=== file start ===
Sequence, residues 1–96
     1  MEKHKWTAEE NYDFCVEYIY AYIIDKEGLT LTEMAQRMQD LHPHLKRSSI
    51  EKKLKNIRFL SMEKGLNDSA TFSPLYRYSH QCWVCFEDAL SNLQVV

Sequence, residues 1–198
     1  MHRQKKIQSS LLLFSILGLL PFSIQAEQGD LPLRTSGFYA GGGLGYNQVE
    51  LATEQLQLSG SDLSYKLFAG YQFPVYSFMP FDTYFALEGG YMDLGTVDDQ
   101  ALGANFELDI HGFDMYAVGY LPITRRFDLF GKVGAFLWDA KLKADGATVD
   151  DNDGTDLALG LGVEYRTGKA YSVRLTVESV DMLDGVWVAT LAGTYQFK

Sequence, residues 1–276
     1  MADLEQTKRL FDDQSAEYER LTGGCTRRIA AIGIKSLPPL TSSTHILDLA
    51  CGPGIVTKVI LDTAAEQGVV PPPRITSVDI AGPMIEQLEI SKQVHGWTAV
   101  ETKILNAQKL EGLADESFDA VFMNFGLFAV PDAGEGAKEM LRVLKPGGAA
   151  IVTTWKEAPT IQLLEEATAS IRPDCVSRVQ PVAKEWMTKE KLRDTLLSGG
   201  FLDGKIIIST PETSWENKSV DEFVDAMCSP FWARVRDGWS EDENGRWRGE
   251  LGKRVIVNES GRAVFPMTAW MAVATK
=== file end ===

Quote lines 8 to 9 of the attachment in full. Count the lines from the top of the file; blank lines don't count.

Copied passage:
   151  DNDGTDLALG LGVEYRTGKA YSVRLTVESV DMLDGVWVAT LAGTYQFK

Sequence, residues 1–276